- Mergers and acquisitions in the U.S. and Canada plummeted to $267 billion during the second quarter, a 39% decline compared with the same period last year, according to S&P Global Market Intelligence.
- High inflation and forecasts of recession discouraged dealmaking, S&P Global said. The most aggressive monetary tightening in four decades and “higher financing costs also caused investors to remain risk-averse,” S&P Global said.
- Dealmaking in the energy sector was a bright spot both in the U.S. and worldwide, S&P Global said, noting the $18.8 billion purchase of Magellan Midstream Partners by ONEOK and Chevron’s $7.7 billion purchase of PDC Energy.
Amid the M&A drought, market volatility has enabled some companies in real estate and other sectors to snap up firms badly in need of capital, top executives said during Q2 earnings calls with analysts.
“Volatile markets often present the best opportunities to acquire high-quality real estate at exceptional values,” Brookfield Asset Management CEO James Bruce Flatt said during the company’s quarterly earnings call on Aug. 9.
“Today, we are in an environment with higher interest rates, higher inflation and tightening lender requirements, all of which create uncertainty and pockets of stress in real estate markets globally, particularly though in the U.S.,” he said.
“This bodes well for experienced managers with strong access to capital like us — the strong will get stronger and, as always, the weak will go away,” Flatt said.
Prosperity Bancshares CEO David Zalman also sees an appealing M&A landscape.
“We believe that higher technology and staffing costs, funding costs, loan competition, succession planning concerns and increased regulatory burden all point to continued consolidation,” Zalman said during the bank’s July 26 quarterly earnings call.
“We remain ready to move forward in the event a transaction materializes and will be beneficial to our company's long-term future and will increase shareholder value,” he said. Prosperity Bancshares completed a merger with First Bancshares of Texas on May 1.
Barings BDC, which primarily focuses on debt investment in middle-market companies, has held back from the market so far in 2023 compared with previous years, according to CEO Ian Fowler.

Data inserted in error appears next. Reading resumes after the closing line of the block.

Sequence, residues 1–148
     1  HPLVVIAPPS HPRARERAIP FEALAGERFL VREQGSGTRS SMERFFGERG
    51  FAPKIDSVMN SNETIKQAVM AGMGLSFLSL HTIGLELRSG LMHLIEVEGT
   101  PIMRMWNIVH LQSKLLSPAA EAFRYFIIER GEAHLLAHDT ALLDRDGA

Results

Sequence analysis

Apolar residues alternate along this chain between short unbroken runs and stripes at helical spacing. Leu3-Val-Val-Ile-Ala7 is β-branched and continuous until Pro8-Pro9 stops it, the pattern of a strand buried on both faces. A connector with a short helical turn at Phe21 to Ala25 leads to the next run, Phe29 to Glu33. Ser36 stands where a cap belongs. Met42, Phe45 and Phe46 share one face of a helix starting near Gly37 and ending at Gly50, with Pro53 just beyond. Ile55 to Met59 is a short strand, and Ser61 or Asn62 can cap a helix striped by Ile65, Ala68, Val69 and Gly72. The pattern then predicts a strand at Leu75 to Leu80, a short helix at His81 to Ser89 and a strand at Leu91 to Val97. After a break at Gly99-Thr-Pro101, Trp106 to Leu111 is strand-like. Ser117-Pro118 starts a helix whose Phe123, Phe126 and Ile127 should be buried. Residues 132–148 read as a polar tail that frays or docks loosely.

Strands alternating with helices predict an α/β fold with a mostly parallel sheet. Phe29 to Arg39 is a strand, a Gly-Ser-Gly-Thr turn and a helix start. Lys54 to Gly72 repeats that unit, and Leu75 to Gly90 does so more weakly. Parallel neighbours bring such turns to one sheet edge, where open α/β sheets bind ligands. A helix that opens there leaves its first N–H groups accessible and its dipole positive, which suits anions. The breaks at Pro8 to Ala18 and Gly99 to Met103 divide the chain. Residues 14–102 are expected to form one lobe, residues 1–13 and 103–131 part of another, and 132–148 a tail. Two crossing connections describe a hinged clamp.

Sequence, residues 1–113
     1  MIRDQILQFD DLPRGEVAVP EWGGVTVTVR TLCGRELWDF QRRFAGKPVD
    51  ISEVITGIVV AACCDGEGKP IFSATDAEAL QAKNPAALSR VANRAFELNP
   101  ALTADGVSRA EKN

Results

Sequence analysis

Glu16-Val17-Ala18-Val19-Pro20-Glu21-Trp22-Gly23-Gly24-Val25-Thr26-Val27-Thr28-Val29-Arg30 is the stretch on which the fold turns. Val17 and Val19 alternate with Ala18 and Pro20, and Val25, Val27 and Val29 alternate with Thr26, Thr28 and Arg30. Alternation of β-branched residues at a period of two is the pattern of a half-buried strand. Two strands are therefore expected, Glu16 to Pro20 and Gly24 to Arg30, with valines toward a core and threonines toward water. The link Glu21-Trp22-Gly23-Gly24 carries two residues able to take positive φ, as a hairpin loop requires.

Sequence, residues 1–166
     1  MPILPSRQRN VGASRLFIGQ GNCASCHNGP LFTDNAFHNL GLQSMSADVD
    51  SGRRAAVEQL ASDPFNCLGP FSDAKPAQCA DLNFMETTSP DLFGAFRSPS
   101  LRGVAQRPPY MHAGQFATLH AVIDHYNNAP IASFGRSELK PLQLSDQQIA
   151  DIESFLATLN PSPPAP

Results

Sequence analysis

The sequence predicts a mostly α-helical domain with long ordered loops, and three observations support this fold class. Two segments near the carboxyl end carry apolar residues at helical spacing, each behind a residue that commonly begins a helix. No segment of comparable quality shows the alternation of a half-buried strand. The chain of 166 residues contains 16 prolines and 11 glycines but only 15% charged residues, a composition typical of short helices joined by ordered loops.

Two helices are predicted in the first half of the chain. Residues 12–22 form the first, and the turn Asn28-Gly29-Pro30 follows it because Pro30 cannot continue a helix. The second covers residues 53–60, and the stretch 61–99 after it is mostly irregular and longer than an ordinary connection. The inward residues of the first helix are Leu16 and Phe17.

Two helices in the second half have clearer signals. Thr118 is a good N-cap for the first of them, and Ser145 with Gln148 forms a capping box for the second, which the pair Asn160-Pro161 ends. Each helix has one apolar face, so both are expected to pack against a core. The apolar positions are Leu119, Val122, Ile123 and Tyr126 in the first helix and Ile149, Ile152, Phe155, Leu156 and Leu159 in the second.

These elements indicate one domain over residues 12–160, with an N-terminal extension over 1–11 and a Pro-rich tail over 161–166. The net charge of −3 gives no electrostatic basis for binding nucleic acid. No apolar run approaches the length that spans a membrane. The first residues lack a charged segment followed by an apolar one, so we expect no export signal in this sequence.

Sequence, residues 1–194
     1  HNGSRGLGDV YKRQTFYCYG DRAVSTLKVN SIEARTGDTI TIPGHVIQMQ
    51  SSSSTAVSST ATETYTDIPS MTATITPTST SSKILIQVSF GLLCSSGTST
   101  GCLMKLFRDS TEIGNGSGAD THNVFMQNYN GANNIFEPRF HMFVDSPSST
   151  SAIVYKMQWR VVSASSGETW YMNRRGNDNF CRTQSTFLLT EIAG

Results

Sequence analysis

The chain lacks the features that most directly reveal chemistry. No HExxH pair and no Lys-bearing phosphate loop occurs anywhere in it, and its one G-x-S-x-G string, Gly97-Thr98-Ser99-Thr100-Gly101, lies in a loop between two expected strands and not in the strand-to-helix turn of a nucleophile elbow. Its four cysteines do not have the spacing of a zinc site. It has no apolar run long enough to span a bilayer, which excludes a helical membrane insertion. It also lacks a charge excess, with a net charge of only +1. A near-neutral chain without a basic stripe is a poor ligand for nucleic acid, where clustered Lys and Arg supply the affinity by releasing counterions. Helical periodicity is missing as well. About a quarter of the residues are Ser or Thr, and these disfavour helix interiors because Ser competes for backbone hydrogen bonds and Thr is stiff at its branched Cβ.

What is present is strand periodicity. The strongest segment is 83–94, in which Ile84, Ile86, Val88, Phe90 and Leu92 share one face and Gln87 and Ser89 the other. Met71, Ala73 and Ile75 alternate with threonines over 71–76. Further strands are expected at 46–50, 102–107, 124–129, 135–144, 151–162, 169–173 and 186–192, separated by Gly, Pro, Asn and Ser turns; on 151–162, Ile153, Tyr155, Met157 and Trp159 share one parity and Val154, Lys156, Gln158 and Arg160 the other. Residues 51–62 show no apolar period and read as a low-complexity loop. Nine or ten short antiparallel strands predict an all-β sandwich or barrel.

“It's been rather anemic in terms of volume this year and I think the reason for that is M&A activity has just been soft as private equity firms are taking a pause to see in this rising rate environment what happens to multiples, enterprise values,” Fowler said during the company’s Aug. 10 quarterly earnings call.
“Is it really the time to back up the truck and just kind of do anything that comes to market right now? Our decision was not to do that,” he said, while noting that the U.S. may avoid recession.
“As we're getting through to the end of this rising rate cycle — and with only a modest decline in purchase prices — I think we're going to see a thaw in the second half of the year,” Fowler said.
i3 Verticals, a provider of electronic payments software, is also taking a restrained approach to M&A, according to CEO Gregory Daily.
“We’re being conservative on valuations, because I think we have a lot to choose from,” Daily said during the company’s Aug. 9 earnings call. “It seems like we used to do half of the deals we look at. Now we do less than 10% — we’re pickier.”
Cherry picking can be especially rewarding during periods of market turmoil, Flatt said.
“The greatest and easiest way to make money in either buying businesses or real estate is to buy great businesses with bad capital structures,” he said. “I think we're going to see that, both on the private equity side and in real estate, over the next 18 months.”